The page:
withdrawn, participated in the development of the HGDP and was among those
at its founding meeting. Within weeks of the patent's issue, Friedlander
returned the Pacific on business related to the collection of blood
samples. At the same time, indigenous people and NGOs from across the
Pacific are working on the implementation of a "Lifeforms Patent-Free
As recently as last week's UNESCO Bioethics Committee meeting, HGDP
Director Dr. Luca Cavalli-Sforza claimed that the project did not support
the patenting of indigenous peoples' DNA. In contrast, at the Beijing
Women's Conference, Sami indigenous women from the Nordic countries added
their voice to the dozens of indigenous peoples' organizations that have
denounced the project as a violation of their rights. "The thin veneer of
the HGDP as an academic, non-commercial exercise has been shattered by the
US government patenting an indigenous person from Papua New Guinea," said
Edward Hammond, Program Officer with RAFI-USA in North Carolina.
The Value of Human DNA: Mining Indigenous Communities for Raw Materials
NIH's patent (US 5,397,696) claims a cell line containing the unmodified
Hagahai DNA and several methods for its use in detecting HTLV-1-related
retroviruses. The team that patented the cell line is headed by the 1976
Nobel Laureate in Medicine, Dr. D.Carleton Gajdusek. Recent cases have
concretely demonstrated the economic value of human DNA from remote
populations in the diagnosis and treatment of disease and development of
vaccines. Blood samples drawn from the asthmatic inhabitants of the remote
South Atlantic island of Tristan da Cunha were sold by researchers to a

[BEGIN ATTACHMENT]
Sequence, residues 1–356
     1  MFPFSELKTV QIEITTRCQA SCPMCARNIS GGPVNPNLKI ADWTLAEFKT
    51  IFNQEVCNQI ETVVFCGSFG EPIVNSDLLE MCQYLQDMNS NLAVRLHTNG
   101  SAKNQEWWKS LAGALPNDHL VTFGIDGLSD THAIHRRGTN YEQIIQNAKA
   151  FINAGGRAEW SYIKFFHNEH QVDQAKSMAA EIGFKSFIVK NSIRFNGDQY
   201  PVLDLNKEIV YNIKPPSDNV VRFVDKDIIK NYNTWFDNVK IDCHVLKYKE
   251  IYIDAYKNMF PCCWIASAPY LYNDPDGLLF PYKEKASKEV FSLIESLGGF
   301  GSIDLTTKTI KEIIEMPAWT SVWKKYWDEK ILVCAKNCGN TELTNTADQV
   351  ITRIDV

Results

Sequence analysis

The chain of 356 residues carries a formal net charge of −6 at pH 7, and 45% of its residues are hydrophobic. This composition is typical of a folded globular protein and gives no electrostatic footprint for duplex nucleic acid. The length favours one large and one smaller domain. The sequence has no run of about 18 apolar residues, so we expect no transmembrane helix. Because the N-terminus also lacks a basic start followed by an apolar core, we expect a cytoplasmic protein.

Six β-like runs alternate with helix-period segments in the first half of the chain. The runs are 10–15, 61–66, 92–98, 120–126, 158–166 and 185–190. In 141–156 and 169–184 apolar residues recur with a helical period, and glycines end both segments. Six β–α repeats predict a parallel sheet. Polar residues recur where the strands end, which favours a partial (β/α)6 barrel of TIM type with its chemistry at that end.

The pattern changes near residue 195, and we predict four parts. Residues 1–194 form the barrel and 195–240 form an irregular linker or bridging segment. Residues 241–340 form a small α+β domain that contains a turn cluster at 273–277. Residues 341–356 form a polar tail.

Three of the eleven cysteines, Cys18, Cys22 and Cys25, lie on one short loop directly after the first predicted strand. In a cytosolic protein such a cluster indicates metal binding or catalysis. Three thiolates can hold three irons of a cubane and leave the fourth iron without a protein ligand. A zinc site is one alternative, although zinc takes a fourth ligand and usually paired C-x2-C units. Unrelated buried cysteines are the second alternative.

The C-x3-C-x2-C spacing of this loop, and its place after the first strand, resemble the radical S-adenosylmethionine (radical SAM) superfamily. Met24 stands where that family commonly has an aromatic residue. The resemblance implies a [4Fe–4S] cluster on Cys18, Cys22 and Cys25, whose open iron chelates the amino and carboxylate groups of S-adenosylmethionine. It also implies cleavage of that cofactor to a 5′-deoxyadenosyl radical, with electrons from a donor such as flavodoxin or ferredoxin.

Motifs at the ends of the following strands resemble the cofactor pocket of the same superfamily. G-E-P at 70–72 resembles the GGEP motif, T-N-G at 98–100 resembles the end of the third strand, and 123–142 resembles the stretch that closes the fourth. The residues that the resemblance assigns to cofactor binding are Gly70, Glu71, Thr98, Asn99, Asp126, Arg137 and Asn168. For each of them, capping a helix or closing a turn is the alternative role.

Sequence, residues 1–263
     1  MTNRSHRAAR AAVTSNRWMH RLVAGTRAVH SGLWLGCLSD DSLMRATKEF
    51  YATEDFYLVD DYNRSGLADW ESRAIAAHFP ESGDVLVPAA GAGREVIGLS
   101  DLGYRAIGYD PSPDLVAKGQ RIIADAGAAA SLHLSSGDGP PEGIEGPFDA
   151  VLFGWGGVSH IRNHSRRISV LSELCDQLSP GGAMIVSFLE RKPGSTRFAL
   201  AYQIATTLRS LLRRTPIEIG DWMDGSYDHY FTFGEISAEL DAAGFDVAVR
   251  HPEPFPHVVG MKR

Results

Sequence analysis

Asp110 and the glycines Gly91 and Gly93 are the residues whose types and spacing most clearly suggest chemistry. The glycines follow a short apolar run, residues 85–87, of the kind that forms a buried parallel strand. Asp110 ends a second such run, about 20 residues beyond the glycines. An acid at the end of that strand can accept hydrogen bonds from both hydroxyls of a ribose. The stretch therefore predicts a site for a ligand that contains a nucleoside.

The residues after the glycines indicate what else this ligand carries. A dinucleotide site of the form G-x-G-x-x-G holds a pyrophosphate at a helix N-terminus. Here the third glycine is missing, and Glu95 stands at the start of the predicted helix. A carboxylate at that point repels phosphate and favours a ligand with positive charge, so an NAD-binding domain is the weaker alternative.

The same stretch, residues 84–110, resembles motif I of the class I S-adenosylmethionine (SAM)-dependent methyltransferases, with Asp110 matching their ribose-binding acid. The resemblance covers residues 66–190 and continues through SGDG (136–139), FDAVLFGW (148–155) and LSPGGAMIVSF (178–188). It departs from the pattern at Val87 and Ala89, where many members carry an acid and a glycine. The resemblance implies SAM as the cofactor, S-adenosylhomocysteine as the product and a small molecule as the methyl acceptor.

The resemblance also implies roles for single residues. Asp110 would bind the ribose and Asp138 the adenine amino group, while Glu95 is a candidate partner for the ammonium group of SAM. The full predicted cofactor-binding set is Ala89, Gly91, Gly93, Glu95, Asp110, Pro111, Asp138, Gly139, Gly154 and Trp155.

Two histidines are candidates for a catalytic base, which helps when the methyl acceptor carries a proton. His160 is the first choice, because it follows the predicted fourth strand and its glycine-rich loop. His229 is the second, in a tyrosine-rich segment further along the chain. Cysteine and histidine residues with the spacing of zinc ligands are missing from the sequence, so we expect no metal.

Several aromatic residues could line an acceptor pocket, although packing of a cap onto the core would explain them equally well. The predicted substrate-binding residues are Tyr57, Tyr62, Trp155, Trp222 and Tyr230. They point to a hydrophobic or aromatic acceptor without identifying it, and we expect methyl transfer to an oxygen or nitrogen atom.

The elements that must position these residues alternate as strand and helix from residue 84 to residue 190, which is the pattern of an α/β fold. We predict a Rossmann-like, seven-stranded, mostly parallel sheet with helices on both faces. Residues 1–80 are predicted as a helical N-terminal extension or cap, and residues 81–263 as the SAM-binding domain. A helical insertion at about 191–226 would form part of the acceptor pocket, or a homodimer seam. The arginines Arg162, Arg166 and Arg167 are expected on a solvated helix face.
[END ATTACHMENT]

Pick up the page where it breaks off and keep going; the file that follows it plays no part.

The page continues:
California-based company which in turn sold rights to its as yet unproved
technologies for asthma treatment to German giant Boehringer Ingelheim for
US $70 million.
NIH patent claims on indigenous people's genetic material are pursued
abroad by the National Technical Information Service, a division of the US
Department of Commerce. Ronald Brown, the US Secretary of Commerce has
left no question as to his interpretation of the controversy, stating
"Under our laws... subject matter relating to human cells is patentable and
there is no provision for considerations relating to the source of the
cells that may be the subject of a patent application." The Hagahai, and
millions of other indigenous people, in other words, are raw material for
RAFI believes that this is only the beginning of a dangerous trend toward
the commodification of humanity and the knowledge of indigenous people.
Whether human genetic material or medicinal plants are the target, there is
scarcely a remote rural group in the world that is not being visited by
predatory researchers. Indigenous people, whose unique identity is in part
reflected in their genes, are prime targets of gene hunters. Says Leonora
Zalabata of the Arhuaco people of Colombia: "This could be another form of
exploitation, only this time they are using us as raw materials."
RAFI Challenges the Patenting of Human Beings
RAFI has been closely following the patenting of indigenous people since
1993, when pressure from RAFI and the Guaymi General Congress led to the
withdrawal of a patent application by the US Secretary of Commerce on a
cell line from a Guaymi indigenous woman from Panama. RAFI is currently
investigating prospects to bring the issue of human patenting to the World
Court at the Hague as well as the Biodiversity Convention and relevant
Pat Mooney, Executive Director Ottawa, ONT (Canada) (613) 567-6=
Jean Christie, International Liaison Queensland, Australia
(61) 79 394-792
Edward Hammond, Program Officer Pittsboro, NC (USA)
DATE: 4 October 1995
© 1995 Peter Langston